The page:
The name of Sherry Lee French and her picture will go unrecognized by most local people and certainly the world-at-large, but the tragic story of her battle with breast cancer would be one well worth remembering.
The people who do recall her will remember that she drove a red pickup truck with the words, "Lil Country Girl" in the back window, and she always wore some article of pink. One of her favorite T-shirts, black with pink letters, blazed the message, "Cancer Sucks." She wore it proudly to shopping, lunch or wherever else she went.
About five years ago, the tiny black-haired woman of Italian descent with the friendly smile and generous spirit learned she suffered from breast cancer. She first reacted by saying, "I love my boobs, and I can't do this." Later she accepted the reality, undergoing a double mastectomy and other cancer treatments, but the medical procedures failed to deter the aggressive disease's spread to her bones.
Today, July 30, 2013, in midafternoon at the age of 55, she lost her painful battle, passing away in her rural home near Seven Points, TX, with her adult son and daughter by her side.
The retired federal employee, who was born and raised in California and lived in Dallas for decades, moved to Cedar Creek Lake about three years ago when she learned her illness would be terminal. Using money she saved for retirement, French bought a small house on one of the area's country lanes because she wanted to live out the rest of her life surrounded by East Texas' natural beauty.
French bought some chickens that she loved to sit and watch roam in her backyard, and she set about to make her last few years enjoyable ones.
She was a frequent customer at the Yellow Rose Café where she would meet friends and chat, always saving half of her lunch for takeout for her evening meal. She never complained about her fate, except to say that she wanted to use every last minute she had for maximum enjoyment and peace.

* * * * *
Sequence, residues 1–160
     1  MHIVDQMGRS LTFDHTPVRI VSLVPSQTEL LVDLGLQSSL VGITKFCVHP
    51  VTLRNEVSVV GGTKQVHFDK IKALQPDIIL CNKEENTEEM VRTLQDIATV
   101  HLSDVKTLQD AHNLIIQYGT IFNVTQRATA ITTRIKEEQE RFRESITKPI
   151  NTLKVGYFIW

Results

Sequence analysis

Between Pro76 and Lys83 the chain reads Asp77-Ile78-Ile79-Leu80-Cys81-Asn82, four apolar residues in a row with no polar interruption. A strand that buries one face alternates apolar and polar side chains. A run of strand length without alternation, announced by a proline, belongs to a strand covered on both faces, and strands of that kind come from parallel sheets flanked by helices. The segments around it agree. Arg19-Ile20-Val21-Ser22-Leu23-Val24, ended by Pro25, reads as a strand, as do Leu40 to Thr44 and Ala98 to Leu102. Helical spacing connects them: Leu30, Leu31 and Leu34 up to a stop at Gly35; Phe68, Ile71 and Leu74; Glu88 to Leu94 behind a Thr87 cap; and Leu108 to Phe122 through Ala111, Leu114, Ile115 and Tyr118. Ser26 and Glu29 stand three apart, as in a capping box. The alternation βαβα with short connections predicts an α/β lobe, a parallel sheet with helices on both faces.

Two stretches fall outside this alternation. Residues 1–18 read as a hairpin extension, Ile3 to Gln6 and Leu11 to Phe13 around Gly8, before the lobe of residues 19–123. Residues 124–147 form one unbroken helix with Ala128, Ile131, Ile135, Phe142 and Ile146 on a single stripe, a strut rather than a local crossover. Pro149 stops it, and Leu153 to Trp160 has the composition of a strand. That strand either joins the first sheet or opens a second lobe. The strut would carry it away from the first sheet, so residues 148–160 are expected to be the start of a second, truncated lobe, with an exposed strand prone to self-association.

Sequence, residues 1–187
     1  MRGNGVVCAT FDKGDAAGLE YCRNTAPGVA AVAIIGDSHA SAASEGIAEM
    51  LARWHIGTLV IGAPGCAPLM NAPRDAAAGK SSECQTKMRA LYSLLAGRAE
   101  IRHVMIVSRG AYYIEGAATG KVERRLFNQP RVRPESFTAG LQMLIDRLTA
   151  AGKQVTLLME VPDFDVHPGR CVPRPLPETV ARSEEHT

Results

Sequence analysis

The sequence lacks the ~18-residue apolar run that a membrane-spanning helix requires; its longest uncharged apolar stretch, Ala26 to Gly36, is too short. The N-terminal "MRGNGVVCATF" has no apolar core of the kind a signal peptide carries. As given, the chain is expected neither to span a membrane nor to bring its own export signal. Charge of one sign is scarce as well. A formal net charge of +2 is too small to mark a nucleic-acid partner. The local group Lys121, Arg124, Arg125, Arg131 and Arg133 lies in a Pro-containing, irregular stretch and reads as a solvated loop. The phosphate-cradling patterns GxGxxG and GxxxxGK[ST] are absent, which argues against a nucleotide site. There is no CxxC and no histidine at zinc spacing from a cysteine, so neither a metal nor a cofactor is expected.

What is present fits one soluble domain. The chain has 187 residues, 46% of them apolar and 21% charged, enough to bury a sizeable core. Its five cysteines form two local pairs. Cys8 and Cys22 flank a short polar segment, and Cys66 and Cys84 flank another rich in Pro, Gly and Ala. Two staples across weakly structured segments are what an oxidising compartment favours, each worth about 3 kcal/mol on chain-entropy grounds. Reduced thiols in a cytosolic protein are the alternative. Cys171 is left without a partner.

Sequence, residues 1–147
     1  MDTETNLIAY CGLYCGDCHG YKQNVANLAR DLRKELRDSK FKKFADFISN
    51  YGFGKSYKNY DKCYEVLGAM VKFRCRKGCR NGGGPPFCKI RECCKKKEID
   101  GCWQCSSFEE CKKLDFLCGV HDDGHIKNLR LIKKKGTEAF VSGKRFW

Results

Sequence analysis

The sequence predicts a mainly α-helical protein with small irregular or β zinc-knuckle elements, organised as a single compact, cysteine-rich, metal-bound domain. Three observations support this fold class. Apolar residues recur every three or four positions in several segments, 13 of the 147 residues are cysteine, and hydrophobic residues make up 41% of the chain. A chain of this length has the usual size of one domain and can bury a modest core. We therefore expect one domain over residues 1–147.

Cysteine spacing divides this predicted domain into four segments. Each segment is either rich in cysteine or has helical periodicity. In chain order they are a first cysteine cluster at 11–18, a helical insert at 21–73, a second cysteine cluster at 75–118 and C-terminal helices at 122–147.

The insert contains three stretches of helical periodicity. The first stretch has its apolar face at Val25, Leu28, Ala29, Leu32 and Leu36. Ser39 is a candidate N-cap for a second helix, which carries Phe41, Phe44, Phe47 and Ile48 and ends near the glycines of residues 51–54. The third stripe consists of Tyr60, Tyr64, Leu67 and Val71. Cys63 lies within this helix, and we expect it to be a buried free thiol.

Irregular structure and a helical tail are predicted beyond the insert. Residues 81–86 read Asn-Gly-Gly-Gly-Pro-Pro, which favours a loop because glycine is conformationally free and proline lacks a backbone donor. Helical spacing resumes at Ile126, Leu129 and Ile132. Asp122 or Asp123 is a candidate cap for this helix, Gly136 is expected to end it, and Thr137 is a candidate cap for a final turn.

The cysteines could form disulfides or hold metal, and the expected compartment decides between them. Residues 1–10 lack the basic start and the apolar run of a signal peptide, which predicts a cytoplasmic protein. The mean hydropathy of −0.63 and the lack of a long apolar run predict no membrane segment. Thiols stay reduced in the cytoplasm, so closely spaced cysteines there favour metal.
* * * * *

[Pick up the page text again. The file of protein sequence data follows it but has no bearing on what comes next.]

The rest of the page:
French wore hearing aids as a result of having been a physically abused child of an alcoholic, but she seldom expressed resentment about that either, except to point out that she had always made it a point to remind herself that she "never would be like" that parent.
She bought a boat last summer, and her son took her for many pleasurable rides on the lake. On one of their favorite outings, they attended the "Buddy Bash" cancer benefit concert at Cedar Isle Restaurant and Baja Club.
She visited friends and relatives on the West Coast and in Nebraska. She took her son and daughter and two nieces on trips to Las Vegas.
She also healed relations with half-siblings and others with whom she had become crossways over the years.
She joined the local Rockin' Country Church and participated in a Baptismal ceremony with several members of her family present.
For me, it all seemed surreal because French and I had been next-door neighbors when we both lived in Dallas. We discovered we had things in common, including that I was gay and she had a gay brother. We became close neighbors and good friends, but we lost touch with each other when I sold my house to take advantage of a large equity that resulted from the real estate boom.
After buying and selling yet another house in Dallas, I moved to Cedar Creek Lake five years ago after retiring. I came more because of economic considerations than any other motive. I realized that I could live in the country for much less than it cost me in Dallas.
Three years ago, I received a Facebook message from French asking if I had been her former neighbor. We discovered we lived just three miles from each other on Cedar Creek Lake. We agreed to meet for lunch the next day, and we continued to do so once or twice per week until recently.
French kept going strong until early this year when she started canceling lunch dates because she felt so weak. In recent weeks, she began showing signs of cognitive problems and experienced difficulty speaking as the cancer spread to her brain.
It finally became clear her time had come to go, and she went peacefully with loved ones near her to help calm the anxiety that sometimes plagued her.
She died with dignity, her life fulfilled, despite it being cut short long before her time. Life dealt French some bad hands, but she made the most of them.
It would be a good model for anyone to follow, and I like to think that some force more powerful than her and me put us in each other's company again for the benefit of us both. And who knows, perhaps, we will meet yet again one day.